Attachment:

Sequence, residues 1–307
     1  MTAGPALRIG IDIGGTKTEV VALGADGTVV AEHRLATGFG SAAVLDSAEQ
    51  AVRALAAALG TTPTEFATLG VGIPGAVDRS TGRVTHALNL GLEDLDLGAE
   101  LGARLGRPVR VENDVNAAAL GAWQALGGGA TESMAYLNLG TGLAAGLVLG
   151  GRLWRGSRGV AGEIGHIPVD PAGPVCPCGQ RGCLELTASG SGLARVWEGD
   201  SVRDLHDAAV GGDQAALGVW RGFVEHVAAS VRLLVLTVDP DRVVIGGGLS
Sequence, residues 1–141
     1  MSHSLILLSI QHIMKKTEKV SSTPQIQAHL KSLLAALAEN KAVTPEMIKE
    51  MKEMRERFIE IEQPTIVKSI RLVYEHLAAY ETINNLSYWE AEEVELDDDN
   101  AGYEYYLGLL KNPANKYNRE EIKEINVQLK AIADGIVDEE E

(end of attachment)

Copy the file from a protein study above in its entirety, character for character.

Sequence, residues 1–307
     1  MTAGPALRIG IDIGGTKTEV VALGADGTVV AEHRLATGFG SAAVLDSAEQ
    51  AVRALAAALG TTPTEFATLG VGIPGAVDRS TGRVTHALNL GLEDLDLGAE
   101  LGARLGRPVR VENDVNAAAL GAWQALGGGA TESMAYLNLG TGLAAGLVLG
   151  GRLWRGSRGV AGEIGHIPVD PAGPVCPCGQ RGCLELTASG SGLARVWEGD
   201  SVRDLHDAAV GGDQAALGVW RGFVEHVAAS VRLLVLTVDP DRVVIGGGLS
Sequence, residues 1–141
     1  MSHSLILLSI QHIMKKTEKV SSTPQIQAHL KSLLAALAEN KAVTPEMIKE
    51  MKEMRERFIE IEQPTIVKSI RLVYEHLAAY ETINNLSYWE AEEVELDDDN
   101  AGYEYYLGLL KNPANKYNRE EIKEINVQLK AIADGIVDEE E